The summer offseason is in full swing, and Lettermen Row is trying to survive it with our annual Position Week breakdowns. By the time all nine units at Ohio State have been covered, training camp and media days will nearly have arrived â€” and the return of football in the Horseshoe will be just around the corner. Letâ€™s roll right along by turning the attention to the defensive line for the Buckeyes.
COLUMBUS — Ohio State has produced some of the greatest defensive lineman in college football history.
Arguably one of the best to ever play for the Buckeyes is somewhat forgotten. Jim Stillwagon set the bar for all defensive tackles to come after him at Ohio State. He is the only Ohio State defensive lineman to ever win the Outland Trophy, given to the top interior lineman in all of college football. In his three seasons as a starter, the Buckeyes went 27-2 and won a pair of championships.
Elite defensive tackles can change the entire trajectory of a game by shutting down the running game. And the great ones put the focus on them, opening up one-on-one matchups for players coming off the edge.
So in honor of Defensive Line Week at Lettermen Row, weâ€™re breaking down the top five defensive tackles in Ohio State history.
Jim Stillwagon, 1968 to 1970
A three-year starter, simply put Jim Stillwagon shut down offenses. His ability to clog up the middle of the line of scrimmage was unmatched as the Buckeyes posted a 27-2 record, won three Big Ten championships, played in two Rose Bowls and won a pair of national championships with the defensive tackle’s help. In 1969, the Buckeyes gave up just 93 total points thanks to Stillwagon’s aggressiveness.Â His best season came in 1970, and while he wasn’t crashing into backfields he piloted a defense that only allowed two opponents to score more than 13 points. Strong and relentless, he won the Outland and Lombardi trophies in his final year with the Buckeyes. Stillwagon was a unanimous All-American as a junior and senior, and is a member of the College Football Hall of Fame.
Dan Wilkinson, 1991 to 1993
Dan Wilkinson was given the nickname Big Daddy for a reason. The defensive tackle had the rare combination strength, size and speed paired with a 6-foot-5, 300-pound frame. He only played two seasons at Ohio State — redshirting his freshman season — but made a significant impact. In his rookie season as a sophomore, Wilkinson recordedÂ 46 tackles, including 10.5 tackles-for-loss and 6.5 sacks along with winning All-Big Ten honors. Arguably the best defensive lineman in college football in 1993, he put his talent on full display. Lined up at tackle next to nose guard Luke Fickell, Wilkinson was recognized as a consensus first-team All-American and was named co-Big Ten Defensive Player of the Year. With no offensive lineman able to stop him one-on-one, he finished his final season at Ohio State with 44 tackles, including 13 tackles for loss.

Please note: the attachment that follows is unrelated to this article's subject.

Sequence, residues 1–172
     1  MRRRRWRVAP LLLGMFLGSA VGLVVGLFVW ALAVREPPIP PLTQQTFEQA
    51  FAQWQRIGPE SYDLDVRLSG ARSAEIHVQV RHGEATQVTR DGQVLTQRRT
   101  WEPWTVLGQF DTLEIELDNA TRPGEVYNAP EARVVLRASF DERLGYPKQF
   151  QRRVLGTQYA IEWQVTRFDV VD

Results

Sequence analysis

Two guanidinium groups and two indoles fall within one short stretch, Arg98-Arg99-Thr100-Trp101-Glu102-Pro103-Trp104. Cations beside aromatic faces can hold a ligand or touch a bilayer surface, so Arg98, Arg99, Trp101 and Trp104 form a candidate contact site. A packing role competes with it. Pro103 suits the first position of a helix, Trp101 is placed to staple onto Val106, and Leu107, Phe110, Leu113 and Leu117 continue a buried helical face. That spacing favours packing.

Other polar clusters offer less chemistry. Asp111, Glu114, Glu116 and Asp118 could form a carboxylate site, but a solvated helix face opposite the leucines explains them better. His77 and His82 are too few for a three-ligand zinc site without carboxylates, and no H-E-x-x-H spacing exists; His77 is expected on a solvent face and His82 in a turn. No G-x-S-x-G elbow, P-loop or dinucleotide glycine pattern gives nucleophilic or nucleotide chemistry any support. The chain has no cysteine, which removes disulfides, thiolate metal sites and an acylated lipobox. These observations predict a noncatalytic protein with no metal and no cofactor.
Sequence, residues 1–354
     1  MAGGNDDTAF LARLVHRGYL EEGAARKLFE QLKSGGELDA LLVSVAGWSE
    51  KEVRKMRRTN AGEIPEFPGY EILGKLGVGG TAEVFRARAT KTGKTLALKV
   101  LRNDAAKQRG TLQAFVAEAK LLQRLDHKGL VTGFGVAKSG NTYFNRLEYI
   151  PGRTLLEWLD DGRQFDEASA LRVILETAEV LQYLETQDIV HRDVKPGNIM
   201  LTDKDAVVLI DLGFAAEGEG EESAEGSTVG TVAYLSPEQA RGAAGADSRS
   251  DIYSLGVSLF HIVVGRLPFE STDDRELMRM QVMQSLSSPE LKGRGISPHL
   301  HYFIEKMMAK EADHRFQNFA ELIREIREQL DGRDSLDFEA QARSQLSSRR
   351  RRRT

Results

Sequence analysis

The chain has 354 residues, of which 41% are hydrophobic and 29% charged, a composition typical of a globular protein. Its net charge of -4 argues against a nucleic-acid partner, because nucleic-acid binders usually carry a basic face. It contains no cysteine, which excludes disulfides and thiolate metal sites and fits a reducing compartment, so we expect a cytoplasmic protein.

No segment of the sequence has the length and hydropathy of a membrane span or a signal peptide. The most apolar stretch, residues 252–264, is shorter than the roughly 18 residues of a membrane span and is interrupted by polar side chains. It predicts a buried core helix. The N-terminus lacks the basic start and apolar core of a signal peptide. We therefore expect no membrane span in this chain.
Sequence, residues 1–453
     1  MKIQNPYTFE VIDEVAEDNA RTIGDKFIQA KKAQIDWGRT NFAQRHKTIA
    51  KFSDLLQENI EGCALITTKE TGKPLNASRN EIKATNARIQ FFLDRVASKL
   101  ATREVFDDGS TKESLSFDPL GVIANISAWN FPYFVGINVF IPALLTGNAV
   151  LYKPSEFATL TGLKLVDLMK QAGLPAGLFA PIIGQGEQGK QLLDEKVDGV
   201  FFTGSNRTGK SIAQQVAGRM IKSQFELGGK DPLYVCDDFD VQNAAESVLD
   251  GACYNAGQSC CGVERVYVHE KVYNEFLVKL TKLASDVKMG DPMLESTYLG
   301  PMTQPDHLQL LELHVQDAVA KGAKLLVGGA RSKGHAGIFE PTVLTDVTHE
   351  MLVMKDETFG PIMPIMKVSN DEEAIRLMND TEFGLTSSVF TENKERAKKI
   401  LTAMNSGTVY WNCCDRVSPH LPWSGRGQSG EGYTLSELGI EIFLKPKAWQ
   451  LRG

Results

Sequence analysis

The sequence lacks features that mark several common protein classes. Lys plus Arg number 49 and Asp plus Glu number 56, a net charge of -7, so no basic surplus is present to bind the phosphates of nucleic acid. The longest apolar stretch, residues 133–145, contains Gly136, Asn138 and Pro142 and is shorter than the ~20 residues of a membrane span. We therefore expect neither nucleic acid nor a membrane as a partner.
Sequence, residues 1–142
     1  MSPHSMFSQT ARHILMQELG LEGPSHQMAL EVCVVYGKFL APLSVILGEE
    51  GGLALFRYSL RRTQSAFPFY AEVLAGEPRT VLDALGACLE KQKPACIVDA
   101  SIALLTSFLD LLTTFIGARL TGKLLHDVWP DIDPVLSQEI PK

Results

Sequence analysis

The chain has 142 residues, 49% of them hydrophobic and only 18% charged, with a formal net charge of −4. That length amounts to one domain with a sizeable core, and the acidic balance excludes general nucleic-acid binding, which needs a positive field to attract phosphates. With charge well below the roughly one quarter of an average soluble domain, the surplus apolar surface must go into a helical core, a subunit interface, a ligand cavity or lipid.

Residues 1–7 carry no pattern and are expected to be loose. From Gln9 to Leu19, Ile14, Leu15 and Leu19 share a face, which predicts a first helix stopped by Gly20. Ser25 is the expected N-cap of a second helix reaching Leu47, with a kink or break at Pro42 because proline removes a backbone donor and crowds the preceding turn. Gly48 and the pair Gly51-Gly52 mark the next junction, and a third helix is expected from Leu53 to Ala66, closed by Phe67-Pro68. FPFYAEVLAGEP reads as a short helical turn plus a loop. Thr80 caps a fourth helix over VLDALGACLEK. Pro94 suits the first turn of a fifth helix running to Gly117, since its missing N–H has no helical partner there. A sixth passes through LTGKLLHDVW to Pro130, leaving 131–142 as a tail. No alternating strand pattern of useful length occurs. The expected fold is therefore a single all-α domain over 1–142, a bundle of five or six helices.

Cameron Heyward, 2007 to 2010
The son of former NFL fullbackÂ Craig Heyward, Cameron arrived at Ohio State with high expectations. He delivered immediately. The defensive tackle was named a consensus All-American in his freshman year, helping the Buckeyes reach the 2007 BCS National Championship game with his 30 tackles, nine tackles for loss, two sacks and two pass breakups. Heyward had the versatility to break into backfields and stuff the middle of the line of scrimmage, and he delivered in big-time games. In his sophomore and junior seasons he combined for 9.5 sacks. He shocked many by returning for a final season in 2010, deciding to hold off on his NFL aspirations for another year at Ohio State. The result was arguably his best season as he was a first-team All-Big Ten selection and totaled 48 total tackles, 13 tackles for loss and 3.5 sacks. Heyward also had his highlight-worthy play against Miami that season, an 80-yard interception return. He finished his Buckeyes career ranked in the top 20 in tackles for loss (37.5) and quarterback sacks (15.5).
Ryan Pickett, 1998 to 2000
Ryan Pickett’s name didn’t dot box scores — he just wasn’t that type of defensive tackle. But what he did best was use his quickness and agility to make the entire defensive line better. With a 6-foot-2, 340-pound frame Pickett had the athleticism to track down skill position players on the outside while also forcing offensive lines to double-team or scheme against him. With the ability to do that, he was able to open up one-on-one matchups for players coming off the edge. He was named an All-Big Ten honorable mention for his sophomore season when he notched 48 tackles and three sacks. Pickett continued to be a force in his junior season, too, forcing two fumbles and recording three sacks. If he wasn’t at Ohio State at the end of the John Cooper era, maybe he would’ve won a few more awards on a successful team. But the defensive tackle made a significant impact on the game in the trenches.
Johnathan Hankins, 2010 to 2012
Johnathan Hankins cracked the starting rotation as a true freshman and never left it. He arrived at Ohio State with a 6-foot-2 frame and pushing 350-pounds, great size for a run-stopper. But over the course of his career, he cut down his weight to 320 pounds, allowing him to show off his quickness at the line of scrimmage. In his last two years with the Buckeyes he bumped around between tackle, end and a nose tackle. His top statistical season came in 2011 when he registered 67 tackles, 11 tackles for loss and three sacks. Hankins overall play improved throughout his three years in Columbus, however, culminated by a first-team All-Big Ten selection in 2012 and earning first-team All-American honors.